The Careful Shopper: Saving More When Shopping for Groceries

The Careful Shopper: Saving More When Shopping for Groceries

Oct 09, 2020Joey Cipriano

          If there was ever a great skill for any young person to learn from a parent it’s the ability to stretch a dollar. Being a smart shopper and knowing how and when to find the best deals comes in handy when you’re a single person or a family on a budget and don’t have much in the way of extra income.       
         Budgets have become an essential fact of life for many families struggling with the economic fallout of the coronavirus. With some parents out of work completely or perhaps not making enough money as they were pre-pandemic, many people are depending on those saving tricks they’ve learned over the years to get them through some very rough times.
         Growing up, my mom did all of the shopping and she’d tell me to pay close attention to the prices and the way she would shop because one day I’d be grateful for all the little tips I eventually learned to save a few dollars. Her favorite phrase that she still says to this day is, “Do the math.” It’s a phrase that rings in my head everytime I see things on sale and I wonder if I’m really saving money.
          But not everyone is as savvy when it comes to saving money. There are plenty of people who simply see something on the shelf and throw it in the cart. Maybe when you’ve become great at shopping and know just how much everything costs, you can enjoy the security of knowing just how much you’re spending and just buy stuff that way, but in this time when every nickel counts, it’s best to approach grocery shopping with a little bit more care and few easy to remember tips.

Saving Pennies on Groceries

  1. Create a Budget and Stick to It - In 2017, the average American family was spending between $300 and $500 on groceries every month. If you’re an average size family, look it might be best to split the difference and budget anywhere from $350 and $400 a month for groceries, if your family can afford it. Once you’ve set a dollar amount on how much you can afford to spend on groceries, stick to that budget and do your best to stay under as much as possible.

  2. Limit Your Shopping Trips - Cut your shopping trips down to no more than a couple of times a week if you can help it. It might be difficult to do at first, but you’re more likely to spend more money and break your budget the more often you go to the grocery store.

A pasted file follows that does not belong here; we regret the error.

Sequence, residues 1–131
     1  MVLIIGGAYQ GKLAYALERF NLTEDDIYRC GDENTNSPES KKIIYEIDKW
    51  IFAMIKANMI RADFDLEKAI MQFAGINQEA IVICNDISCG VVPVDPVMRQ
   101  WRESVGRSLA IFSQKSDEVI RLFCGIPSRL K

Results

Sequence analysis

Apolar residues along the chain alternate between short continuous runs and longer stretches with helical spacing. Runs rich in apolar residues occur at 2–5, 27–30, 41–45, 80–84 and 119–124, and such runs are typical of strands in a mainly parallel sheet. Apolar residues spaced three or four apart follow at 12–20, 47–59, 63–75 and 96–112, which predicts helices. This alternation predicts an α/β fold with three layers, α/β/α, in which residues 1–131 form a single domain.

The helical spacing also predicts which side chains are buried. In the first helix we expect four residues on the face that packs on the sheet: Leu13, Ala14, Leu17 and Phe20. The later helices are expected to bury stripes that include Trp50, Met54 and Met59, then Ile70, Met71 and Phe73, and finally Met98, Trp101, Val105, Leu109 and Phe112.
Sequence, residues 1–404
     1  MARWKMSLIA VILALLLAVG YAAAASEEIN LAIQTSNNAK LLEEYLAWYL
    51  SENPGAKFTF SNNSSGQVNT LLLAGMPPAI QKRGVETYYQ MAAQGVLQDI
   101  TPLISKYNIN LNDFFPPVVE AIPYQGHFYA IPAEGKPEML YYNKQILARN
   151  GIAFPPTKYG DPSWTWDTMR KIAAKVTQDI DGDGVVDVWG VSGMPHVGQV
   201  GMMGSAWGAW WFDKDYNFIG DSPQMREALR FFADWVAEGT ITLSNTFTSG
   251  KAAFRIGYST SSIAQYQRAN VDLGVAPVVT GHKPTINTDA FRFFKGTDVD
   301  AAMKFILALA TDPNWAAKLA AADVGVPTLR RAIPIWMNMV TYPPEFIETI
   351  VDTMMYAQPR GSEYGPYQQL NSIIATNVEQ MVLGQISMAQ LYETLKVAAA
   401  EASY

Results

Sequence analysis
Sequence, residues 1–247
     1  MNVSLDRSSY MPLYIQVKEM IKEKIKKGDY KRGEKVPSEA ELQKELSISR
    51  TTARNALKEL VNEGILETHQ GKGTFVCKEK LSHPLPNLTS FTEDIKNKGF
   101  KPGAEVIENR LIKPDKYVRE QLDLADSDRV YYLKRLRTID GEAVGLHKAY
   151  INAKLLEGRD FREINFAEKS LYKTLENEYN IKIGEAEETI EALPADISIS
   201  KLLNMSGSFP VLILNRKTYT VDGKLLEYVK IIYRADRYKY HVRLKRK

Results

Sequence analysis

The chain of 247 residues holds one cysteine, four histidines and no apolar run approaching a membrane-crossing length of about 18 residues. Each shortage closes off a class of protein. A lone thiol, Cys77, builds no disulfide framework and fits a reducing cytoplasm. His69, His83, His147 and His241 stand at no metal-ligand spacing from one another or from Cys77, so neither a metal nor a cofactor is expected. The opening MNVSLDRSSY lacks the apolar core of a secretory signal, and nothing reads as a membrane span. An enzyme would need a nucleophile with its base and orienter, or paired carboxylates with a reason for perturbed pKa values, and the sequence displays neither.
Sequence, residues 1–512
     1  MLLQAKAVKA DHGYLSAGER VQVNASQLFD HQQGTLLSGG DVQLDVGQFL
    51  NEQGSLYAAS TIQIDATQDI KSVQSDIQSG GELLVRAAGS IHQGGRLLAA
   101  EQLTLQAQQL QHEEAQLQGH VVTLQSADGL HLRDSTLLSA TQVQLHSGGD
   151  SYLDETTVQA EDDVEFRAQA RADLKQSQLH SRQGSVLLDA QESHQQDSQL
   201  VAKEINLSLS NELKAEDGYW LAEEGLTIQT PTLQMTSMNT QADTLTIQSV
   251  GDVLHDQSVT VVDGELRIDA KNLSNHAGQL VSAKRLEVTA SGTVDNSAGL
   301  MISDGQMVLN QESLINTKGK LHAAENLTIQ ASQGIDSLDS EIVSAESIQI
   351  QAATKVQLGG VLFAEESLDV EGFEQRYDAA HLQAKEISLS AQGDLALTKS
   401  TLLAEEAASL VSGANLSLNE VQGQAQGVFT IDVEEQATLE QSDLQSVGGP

3. Create a Menu - Planning out what you’re going to make for the week will give you a chance to create a grocery list. With this list, you can shop around and see where you can get the best deals for things you’ll need.
  4. Eat Before You Shop - It sounds silly, but when you go grocery shopping while hungry, everything looks delicious. You’re more likely to buy things you want to eat now just because you’re hungry. The easy remedy is to have a good meal before you go shopping so that you’re not tempted to buy something because your stomach says it’s a good idea.

  5. Pass on Anything Prepped for You - If you’re buying shredded cheese or shopped fruits or vegetables, you can save a few dollars by doing the prep yourself at home. Stores pass on the labor cost of prepping foods to you so they’re ready to use when you get them home. However, if you’re willing to prep these foods at home, you’ll save a bit of money at the end of the month.

  6. Accountability Friend - If you have a problem with impulse buying when you’re in a store, take a friend with you so there’s a rational voice telling you not to spend on things you don’t need.
  7. Coupons are Your Friend - Always take advantage of coupons. The few pennies you save on things you need will add up. Also, check to see if your store has an app. They may have digital coupons you can use at the checkout that aren’t in newspapers. As a bonus, you can save them to an account and skip having to pull out the scissors.
  8. Store Brands Can Be Better - Store brands are often cheaper than name brand products which can help stretch your budget. In some cases, store brands can be just as good if not better than the regular brands that cost more and many stores will even entice you to try their brands with free samples.

  9. Buy in Bulk - More often than not, buying in bulk can save you a ton of money on things you buy all the time. Whether it’s paper products, pasta, dog food, or toiletries, buying in bulk drops the cost per unit and since you’re buying more of it now, you shouldn’t have to buy more later.

  10. Become a Better Cook - What does cooking have to do shopping? Everything. Becoming a better cook, or baker, can lead you to experiment with new dishes and even help you prepare foods you can stretch out for a couple of days. A meal that can turn into dinner and lunch is money saved, so check out a few recipe books from the library or watch a few videos online and make meals stretch when you can.

          How do you manage to stretch out your food dollar in your house? Do you have tips and tricks to help keep the family fed when money is tight? Join the conversation in the comment section and share your suggestions!

More articles

Comments (0)

There are no comments for this article. Be the first one to leave a message!

Leave a comment

Please note: comments must be approved before they are published